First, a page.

“Dallas Buyers Club” messes with your expectations. Going in, I expected a rodeo movie about an almost-unrecognizable, stick-thin Matthew McConaughey (“Mud”) humping lots of ladies and snorting lots of coke. In many ways, that’s what it is. But surprisingly, the story is also a heart-warming tragedy, elevating itself with brilliant character transformations and an intelligent commentary on the treatment of HIV during the 1980s.
The plot follows Ron Woodroof (McConaughey), a perpetually half-drunk electrician who finds out he has AIDs and will die in 30 days. The news isn’t exactly taken well: He goes off on a homophobic rant and gets more drugged up. It’s not long before he ends up back at the hospital, where he meets Rayon, a sweet and smart-mouthed cross-dresser. Played by Jared Leto (“Mr. Nobody”), Rayon is what the film needs to balance out Woodroof’s hick conservatism
Woodroof , desperate to prolong his one-month death sentence, starts taking AZT—a harmful drug soon to be approved by the Federal Drug Administration—and undergoes trials by doctors Eve Saks (played by a sweet and too easily overlooked Jennifer Garner, “The Odd Life of Timothy Green”) and Sevard (Denis O’Hare, “J. Edgar”). It’s not long before AZT leaves Woodroof on the verge of death and he goes out looking for a new solution—in Mexico. He meets a rogue doctor, played with ease and humor by Griffin Dunne (“Broken City”), who prescribes a series of vitamins and proteins. The two start up a business that involves Woodroof smuggling these miracle pills over the border in his trunk, somehow getting across while dressed in purposeful irony as a priest.
Sometime mid-movie the viewer realizes what director Jean-Marc Vallée is really up to: The film’s beginning takes us to Woodroof’s lowest point. He comes off as an idiot, an asshole, a sex-hungry, drug-snuffing bigot. The audience hates him. But somehow, miraculously, the viewer gets to see another side. As it turns out, Woodroof is not only smart, but extremely innovative and clever. His bigotry softens when he brings Rayon into his business to attract clientele. The two bicker like siblings, and their strange chemistry has strong emotional appeal.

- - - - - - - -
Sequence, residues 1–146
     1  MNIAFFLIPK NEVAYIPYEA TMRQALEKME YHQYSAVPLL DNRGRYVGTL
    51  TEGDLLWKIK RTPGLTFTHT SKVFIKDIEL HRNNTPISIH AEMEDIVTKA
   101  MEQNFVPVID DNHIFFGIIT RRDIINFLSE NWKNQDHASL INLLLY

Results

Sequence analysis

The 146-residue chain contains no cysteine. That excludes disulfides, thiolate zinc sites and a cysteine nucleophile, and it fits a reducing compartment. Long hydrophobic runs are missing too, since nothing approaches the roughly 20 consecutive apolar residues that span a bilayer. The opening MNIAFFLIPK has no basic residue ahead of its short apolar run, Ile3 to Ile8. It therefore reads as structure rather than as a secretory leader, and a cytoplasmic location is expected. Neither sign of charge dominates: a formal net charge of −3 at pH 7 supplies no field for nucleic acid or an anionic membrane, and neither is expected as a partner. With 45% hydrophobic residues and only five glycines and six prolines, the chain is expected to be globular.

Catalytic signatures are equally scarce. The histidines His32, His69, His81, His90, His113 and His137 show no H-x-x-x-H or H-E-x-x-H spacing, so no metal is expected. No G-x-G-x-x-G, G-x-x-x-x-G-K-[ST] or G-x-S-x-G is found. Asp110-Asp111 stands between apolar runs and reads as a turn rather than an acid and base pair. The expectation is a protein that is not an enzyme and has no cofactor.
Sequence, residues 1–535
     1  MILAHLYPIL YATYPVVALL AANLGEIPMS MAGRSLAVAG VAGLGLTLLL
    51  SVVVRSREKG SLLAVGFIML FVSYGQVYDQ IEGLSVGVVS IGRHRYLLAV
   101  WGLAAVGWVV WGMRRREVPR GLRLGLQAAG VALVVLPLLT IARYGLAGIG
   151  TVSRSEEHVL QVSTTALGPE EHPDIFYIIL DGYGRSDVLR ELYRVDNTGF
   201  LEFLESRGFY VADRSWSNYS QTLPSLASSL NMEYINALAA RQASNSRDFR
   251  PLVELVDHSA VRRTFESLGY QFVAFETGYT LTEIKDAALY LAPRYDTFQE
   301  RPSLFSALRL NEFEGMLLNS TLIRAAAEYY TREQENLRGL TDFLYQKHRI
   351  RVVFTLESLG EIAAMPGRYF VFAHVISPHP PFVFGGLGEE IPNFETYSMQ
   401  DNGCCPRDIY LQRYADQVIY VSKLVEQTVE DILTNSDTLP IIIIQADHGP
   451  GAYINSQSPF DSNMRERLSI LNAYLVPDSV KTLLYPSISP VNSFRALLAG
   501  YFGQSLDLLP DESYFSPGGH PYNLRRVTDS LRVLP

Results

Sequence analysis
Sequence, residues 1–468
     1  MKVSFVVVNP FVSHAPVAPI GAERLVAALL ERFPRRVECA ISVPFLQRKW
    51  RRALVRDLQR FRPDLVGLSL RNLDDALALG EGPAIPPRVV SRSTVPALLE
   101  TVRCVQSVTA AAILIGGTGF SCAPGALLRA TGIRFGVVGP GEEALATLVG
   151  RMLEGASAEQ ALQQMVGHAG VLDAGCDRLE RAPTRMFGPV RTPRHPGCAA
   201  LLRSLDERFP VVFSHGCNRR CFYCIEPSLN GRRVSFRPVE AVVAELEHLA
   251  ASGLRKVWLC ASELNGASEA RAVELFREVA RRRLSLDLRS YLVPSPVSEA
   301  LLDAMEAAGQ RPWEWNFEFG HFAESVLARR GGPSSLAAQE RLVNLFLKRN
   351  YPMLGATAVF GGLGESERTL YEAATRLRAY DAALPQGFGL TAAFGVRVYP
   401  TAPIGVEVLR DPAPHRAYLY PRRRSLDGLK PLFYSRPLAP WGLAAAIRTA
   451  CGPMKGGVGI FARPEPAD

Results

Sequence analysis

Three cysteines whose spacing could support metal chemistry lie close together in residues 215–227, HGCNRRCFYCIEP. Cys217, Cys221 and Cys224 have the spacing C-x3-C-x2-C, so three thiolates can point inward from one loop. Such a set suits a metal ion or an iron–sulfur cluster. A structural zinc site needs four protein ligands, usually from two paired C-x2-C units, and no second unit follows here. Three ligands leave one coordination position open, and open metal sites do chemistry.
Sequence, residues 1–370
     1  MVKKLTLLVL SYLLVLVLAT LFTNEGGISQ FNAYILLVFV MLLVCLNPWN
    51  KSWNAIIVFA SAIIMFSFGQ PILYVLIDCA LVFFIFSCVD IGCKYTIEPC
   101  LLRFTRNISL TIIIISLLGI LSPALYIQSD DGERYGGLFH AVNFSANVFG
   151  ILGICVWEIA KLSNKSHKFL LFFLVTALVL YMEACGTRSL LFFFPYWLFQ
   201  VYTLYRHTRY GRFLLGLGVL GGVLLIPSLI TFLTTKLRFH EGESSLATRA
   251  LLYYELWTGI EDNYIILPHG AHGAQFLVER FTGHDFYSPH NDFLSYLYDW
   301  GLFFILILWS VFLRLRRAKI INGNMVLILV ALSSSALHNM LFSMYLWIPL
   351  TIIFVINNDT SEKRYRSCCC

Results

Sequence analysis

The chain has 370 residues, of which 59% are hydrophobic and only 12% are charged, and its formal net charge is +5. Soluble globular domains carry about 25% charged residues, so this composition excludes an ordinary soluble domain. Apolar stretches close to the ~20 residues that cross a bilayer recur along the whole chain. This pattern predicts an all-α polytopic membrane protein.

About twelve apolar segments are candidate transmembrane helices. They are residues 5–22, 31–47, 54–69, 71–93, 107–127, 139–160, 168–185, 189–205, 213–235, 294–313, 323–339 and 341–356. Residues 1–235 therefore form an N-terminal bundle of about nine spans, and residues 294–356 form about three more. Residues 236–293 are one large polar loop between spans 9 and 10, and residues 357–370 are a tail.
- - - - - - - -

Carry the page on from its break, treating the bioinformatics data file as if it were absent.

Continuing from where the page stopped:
The film chronicles an interesting dilemma of the 1980s, when many of those suffering from AIDs took a do-it-yourself approach, recreating themselves as medical entrepreneurs in order to distribute medication unapproved by the FDA. Woodroof’s story is captivating, and his character arc illuminates a more tender side. However, it’s difficult to ignore that Woodroof is mostly motivated by survival and money, rather than the general good of his clients/patients. His overt horniness—made obvious when he grabs a young hotty suffering from AIDs and sleazily fucks her in the bathroom—is supposed to be amusing but really doesn’t do anything to impress upon the audience his compassion.
Leto is the gem of the film: Rayon’s suffering in the face of a slow, downhill disintegration is painful and heartbreaking to witness. And Woodroof, when he becomes more charming, clever and a little less selfish, is certainly entertaining, even if I left the theater skeptical of his supposed benevolence. All in all, “Dallas Buyers Club” is captivating, moving and memorable; behind its playful and humorous exterior is a painful sadness that is truly eye-opening.
4.5 out of 5 stars